We follow these Londoners' love lives and ambitions and family ructions over a year in which the British economy finally tanks. But you would not know, reading Capital, that its author once won comparisons to Nabokov for the complex, hilarious character study of his first novel, The Debt to Pleasure, about a fastidious epicurean who also happens to be a homicidal maniac. While the good people of Pepys Road may capture in aggregate the transformed nature of postcolonial, post-EU- integration London, they don't really hold your attention individually: they're not only schematic but a bit interchangeable as well. And where The Debt to Pleasure reveled in sensuous description, Capital is larded with colloquialisms and infelicities—"And this was one of the things," "Well whoop de flipping doo," "That was the main thing wrong with her"—that give it the feel of a rush job.

The situation isn't helped by a clumsy whodunit subplot: everyone on Pepys Road has been receiving anonymous postcards, featuring a photo of their front doors and the caption "We Want What You Have," and nobody can figure out where they're coming from or what it means. A little later, they start receiving DVDs showing long, uninterrupted takes of their front doors. Lanchester here seems to be adapting the theme of Michael Haneke's 2005 film Caché, in which a family received written threats and surveillance tapes but never finds out who they're from. But on the last pages of Capital he ends up revealing the culprits, and the effect is not just anticlimactic. It's also a wounding distraction from what should have our attention: the crash, and the lives it will soon upend.

Capital weighs in at over 500 pages, and a book this long, with a title cribbed from Karl Marx, arrives overburdened with the expectation that it will be the financial crisis novel we've all, apparently, been waiting for. It's probably best, instead, to stick with Lanchester's journalism to understand the disturbances we are still enduring five years on, and to think of Capital as something else: an X-ray of a transformed city, one that a few years ago seemed the most dynamic in the West but now looks set for decades of Japanese-style stagnation. And that need not be seen as a diminution of scale. As Lanchester must surely realize, anyone writing about contemporary London is already writing a financial crisis novel by default.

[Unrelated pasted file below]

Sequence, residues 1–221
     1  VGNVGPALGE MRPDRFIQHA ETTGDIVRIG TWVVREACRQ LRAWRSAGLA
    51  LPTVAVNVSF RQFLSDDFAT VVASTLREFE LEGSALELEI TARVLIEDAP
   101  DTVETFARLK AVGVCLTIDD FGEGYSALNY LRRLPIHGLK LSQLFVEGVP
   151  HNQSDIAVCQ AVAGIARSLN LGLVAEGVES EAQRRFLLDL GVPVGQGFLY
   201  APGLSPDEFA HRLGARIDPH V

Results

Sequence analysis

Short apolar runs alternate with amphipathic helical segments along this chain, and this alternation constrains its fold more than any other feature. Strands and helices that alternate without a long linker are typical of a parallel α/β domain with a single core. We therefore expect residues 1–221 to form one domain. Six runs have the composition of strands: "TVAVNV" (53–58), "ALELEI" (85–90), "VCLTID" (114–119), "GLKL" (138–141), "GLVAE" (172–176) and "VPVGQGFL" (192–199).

Jason Farago is a writer and critic whose work has appeared in the Guardian, the London Review of Books, n+1, Dissent, Frieze, and other publications. Trained as an art historian, he has contributed to several exhibition catalogs on art since 1960. He recently returned to his hometown of New York following a long sojourn in London.

Reviewer: Jason Farago

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Product Details

  • ISBN-13: 9780393082074
  • Publisher: Norton, W. W. & Company, Inc.
  • Publication date: 6/11/2012
  • Pages: 528
  • Sales rank: 426,646
  • Product dimensions: 6.50 (w) x 9.30 (h) x 1.60 (d)

Meet the Author

John Lanchester

John Lanchester is the author of three novels, including The Debt to Pleasure and Capital, as well as I.O.U., a book on the financial crisis.. He is a regular contributor to The New Yorker and The New York Review of Books and was awarded the 2008 E.M. Forster Award. He lives in London.

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Customer Reviews

Average Rating 3.5
( 7 )
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Sort by: Showing all of 7 Customer Reviews
  • Anonymous

    Posted June 24, 2012

    Very enjoyable

    Couldn't put it down. Characters you care about, with some very unsympathetic but interesting none the less. Very strong parallel stories without a hard-to-believe coming together where everyone's in the same room or something. I feel the author did a great job of understanding the souls of people from very different walks of life. Higly recommend.

    5 out of 5 people found this review helpful.

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  • Anonymous

    Posted June 30, 2012

    I couldn't put it down, literally. I got up in the middle of th

    I couldn't put it down, literally. I got up in the middle of the night because I just had to finish it. Characters were amazingly real, and I found myself rooting for them. I work in the financial sector in NY rather than London, but it's the same, it seems, because he captured it exactly right.

    4 out of 4 people found this review helpful.

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  • Posted June 27, 2012

    more from this reviewer

    Needs work.

    I think CAPITAL was lacking in most areas - adventure, mystery, intrigue, drama.
    The language was crude. Suspense was simply not there.
    There were too many characters involved for just one book.
    That said, the characters were, however, very well defined and separated
    so it was not that hard to recount who was being discussed.
    The author has talent but needs to add a smooth flow and energy to his writing.
    Many of us would appreciate 'cleaner' language. It can be accomplished by tactfully alluding to the words and crses without actually using them.

    4 out of 8 people found this review helpful.

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  • Anonymous

    Posted January 25, 2014

    A must read my John

    Great book and easy read. One of the best books I read in 2013.

    Was this review helpful? Yes  No   Report this review
  • Anonymous

    Posted October 15, 2012

    Wonderful from start to finish

    (((& g

    0 out of 3 people found this review helpful.

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  • Anonymous

    Posted August 22, 2012

    No text was provided for this review.

  • Anonymous

    Posted February 25, 2013

    No text was provided for this review.